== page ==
Surgery for Osteoarthritis Joint Pain
Arthroscopy for Joint Pain continued...
Benefits and Risks of Arthroscopy
Compared with more invasive forms of joint surgery, arthroscopy offers important benefits, including:
- Reduced surgery time
- Less tissue damage and blood loss
- Less pain after surgery
- Lower risk of complications
Arthroscopic joint surgery carries few risks, mainly those associated with any type of surgery. The risks you should discuss with your surgeon include:
- A reaction to anesthesia
- Bleeding inside the joint, or a blood clot
Blood vessel or nerve damage
- Damage to cartilage, muscles, ligaments, or tendons
What Happens During Arthroscopic Joint Surgery
Arthroscopic joint surgery may take as little as an hour to complete. The surgeon starts by making a small incision in the joint area, inserting the arthroscope, and filling the joint with saline solution to enlarge the joint and to get a better view. Moving the scope and watching a magnified view of the joint on the monitor, the surgeon may make additional repairs through additional small incisions.
At the end of surgery, the arthroscope and any other surgical tools are removed and the joint flushed with saline again. Local anesthetics may be injected into the joint to reduce pain.
When you're ready to return home, your surgeon may provide medication to ease pain and reduce inflammation.
Recovery From Arthroscopic Joint Surgery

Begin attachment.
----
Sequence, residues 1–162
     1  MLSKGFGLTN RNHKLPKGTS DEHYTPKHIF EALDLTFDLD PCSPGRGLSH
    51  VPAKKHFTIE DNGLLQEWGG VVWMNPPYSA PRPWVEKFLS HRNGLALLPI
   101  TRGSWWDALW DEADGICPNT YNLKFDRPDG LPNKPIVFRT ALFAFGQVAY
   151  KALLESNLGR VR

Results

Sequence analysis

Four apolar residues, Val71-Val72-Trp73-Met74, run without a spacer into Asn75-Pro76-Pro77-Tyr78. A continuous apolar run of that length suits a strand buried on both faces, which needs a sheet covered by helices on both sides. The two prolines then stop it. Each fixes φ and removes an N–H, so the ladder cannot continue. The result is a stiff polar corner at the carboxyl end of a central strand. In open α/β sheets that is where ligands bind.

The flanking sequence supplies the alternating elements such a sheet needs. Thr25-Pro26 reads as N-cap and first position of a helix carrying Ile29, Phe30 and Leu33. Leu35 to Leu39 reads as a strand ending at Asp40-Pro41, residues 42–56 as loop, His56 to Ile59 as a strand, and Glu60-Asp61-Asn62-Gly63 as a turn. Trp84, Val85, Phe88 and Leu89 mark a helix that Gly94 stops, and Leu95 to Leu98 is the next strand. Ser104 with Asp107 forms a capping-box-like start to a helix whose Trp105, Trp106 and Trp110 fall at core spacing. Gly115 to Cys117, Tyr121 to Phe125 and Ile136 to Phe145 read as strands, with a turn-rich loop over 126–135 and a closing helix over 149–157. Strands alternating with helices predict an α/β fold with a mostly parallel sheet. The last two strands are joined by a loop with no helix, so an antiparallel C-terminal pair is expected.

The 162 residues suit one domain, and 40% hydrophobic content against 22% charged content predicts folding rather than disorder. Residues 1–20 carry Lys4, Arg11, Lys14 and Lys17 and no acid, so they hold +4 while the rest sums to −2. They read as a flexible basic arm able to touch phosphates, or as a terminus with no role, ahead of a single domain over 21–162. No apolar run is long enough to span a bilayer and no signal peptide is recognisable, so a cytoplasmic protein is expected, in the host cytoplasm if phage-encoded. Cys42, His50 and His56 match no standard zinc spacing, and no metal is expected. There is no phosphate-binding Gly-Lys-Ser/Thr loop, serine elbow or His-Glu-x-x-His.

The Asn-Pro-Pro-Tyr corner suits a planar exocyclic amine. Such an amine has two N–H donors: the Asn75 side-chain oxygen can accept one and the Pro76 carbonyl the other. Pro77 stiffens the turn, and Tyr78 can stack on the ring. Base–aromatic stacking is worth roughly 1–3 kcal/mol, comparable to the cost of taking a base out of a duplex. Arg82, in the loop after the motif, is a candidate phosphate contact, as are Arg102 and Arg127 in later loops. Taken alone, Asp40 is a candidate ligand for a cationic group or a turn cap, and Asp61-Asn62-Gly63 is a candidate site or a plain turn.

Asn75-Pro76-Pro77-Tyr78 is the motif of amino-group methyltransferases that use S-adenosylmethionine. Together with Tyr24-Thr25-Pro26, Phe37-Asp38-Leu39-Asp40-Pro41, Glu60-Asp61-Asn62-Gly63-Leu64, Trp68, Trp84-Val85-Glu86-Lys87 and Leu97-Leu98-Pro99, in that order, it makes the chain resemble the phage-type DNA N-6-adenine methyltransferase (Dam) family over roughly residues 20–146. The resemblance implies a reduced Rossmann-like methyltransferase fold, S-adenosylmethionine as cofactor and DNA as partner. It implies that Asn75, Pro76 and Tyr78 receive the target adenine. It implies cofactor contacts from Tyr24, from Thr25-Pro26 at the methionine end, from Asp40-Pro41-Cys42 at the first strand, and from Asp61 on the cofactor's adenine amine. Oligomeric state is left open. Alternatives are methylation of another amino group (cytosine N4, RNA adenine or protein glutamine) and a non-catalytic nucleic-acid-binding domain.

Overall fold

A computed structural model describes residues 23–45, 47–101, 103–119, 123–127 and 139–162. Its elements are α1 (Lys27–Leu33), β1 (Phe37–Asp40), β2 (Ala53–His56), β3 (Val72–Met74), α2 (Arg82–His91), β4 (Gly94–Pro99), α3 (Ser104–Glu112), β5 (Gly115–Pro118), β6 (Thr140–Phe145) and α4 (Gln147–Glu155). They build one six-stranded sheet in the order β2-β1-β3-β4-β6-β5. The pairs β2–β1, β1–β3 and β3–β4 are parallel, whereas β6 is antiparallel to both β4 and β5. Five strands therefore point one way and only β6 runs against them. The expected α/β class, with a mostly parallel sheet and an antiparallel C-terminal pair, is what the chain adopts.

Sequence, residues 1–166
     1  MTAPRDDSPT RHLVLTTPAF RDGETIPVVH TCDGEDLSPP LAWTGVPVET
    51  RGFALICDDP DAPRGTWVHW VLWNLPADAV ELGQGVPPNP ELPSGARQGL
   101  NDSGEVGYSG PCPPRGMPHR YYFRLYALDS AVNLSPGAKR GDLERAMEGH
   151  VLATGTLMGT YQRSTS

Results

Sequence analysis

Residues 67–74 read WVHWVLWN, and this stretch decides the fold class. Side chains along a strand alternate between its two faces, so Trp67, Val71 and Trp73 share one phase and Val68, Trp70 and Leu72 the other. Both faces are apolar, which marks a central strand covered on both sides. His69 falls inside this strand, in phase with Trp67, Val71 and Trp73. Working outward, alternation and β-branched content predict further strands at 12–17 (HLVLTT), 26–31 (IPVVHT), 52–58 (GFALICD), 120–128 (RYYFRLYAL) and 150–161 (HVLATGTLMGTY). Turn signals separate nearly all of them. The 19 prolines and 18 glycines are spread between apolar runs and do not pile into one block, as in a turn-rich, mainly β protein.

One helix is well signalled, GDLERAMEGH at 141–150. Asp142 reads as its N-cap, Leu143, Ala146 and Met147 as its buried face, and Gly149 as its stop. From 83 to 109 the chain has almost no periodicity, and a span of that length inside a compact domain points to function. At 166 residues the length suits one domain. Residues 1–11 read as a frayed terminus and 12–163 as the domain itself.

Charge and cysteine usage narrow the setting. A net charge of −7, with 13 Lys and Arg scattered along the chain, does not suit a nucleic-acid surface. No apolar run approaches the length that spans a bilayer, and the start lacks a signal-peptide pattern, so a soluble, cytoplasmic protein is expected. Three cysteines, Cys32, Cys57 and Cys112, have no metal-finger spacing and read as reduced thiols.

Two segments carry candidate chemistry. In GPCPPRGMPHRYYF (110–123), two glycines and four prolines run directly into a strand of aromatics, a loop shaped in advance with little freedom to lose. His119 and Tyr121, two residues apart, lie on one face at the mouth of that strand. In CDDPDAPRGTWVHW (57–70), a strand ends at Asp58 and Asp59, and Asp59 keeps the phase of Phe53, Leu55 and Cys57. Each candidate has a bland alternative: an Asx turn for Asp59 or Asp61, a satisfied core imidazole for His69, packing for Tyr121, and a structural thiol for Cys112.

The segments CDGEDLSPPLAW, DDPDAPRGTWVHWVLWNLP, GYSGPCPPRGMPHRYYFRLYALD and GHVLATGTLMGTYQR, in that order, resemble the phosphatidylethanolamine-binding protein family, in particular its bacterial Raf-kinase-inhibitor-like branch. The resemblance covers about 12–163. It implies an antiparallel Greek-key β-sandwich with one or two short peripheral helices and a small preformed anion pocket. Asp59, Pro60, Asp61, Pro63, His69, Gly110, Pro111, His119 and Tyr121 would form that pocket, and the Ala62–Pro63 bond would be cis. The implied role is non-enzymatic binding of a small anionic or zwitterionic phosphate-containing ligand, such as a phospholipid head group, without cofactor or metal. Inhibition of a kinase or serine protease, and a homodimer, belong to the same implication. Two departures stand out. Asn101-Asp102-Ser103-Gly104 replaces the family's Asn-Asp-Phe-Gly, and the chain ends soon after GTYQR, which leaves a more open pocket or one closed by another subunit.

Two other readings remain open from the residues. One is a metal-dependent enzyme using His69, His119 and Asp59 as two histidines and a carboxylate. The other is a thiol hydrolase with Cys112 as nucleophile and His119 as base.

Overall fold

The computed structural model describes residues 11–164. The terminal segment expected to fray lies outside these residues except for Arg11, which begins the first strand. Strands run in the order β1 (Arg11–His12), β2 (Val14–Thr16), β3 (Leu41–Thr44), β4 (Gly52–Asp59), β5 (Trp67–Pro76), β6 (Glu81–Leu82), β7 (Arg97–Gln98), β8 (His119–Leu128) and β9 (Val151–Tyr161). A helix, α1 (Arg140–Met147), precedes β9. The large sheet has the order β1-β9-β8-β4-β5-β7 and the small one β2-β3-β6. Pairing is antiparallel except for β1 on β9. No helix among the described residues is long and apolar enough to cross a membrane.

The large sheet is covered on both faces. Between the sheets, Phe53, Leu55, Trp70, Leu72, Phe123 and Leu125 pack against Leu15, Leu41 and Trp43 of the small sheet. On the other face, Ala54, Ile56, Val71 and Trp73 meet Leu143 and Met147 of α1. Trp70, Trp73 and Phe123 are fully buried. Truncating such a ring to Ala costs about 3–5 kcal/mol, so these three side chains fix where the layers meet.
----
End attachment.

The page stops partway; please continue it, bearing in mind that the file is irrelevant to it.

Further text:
For a few days after arthroscopic joint surgery, follow your surgeon's instructions to care for the joint. These may include wrapping and icing it, resting it to help with healing, and elevating it to help reduce pain and swelling. You may need crutches, a sling, or splints to support it when you move about. Your surgeon may suggest physical therapy.
After arthroscopy, most people go back to their normal daily routine within days. It may take a few weeks before the joint recovers fully.
Total Joint Replacement (Arthroplasty) for Joint Pain
Joint replacement can help relieve osteoarthritis pain so you can move and feel better. Knees and hips are replaced most often. Shoulders, elbows, fingers, ankles, and other joints can also be done, but the results are not as reliable.
For the knee, total joint replacement is typically recommended when osteoarthritis has progressed to such a severe point that there is total loss of cartilage, with the femur and tibia grinding against each other in a condition known as "bone-on-bone."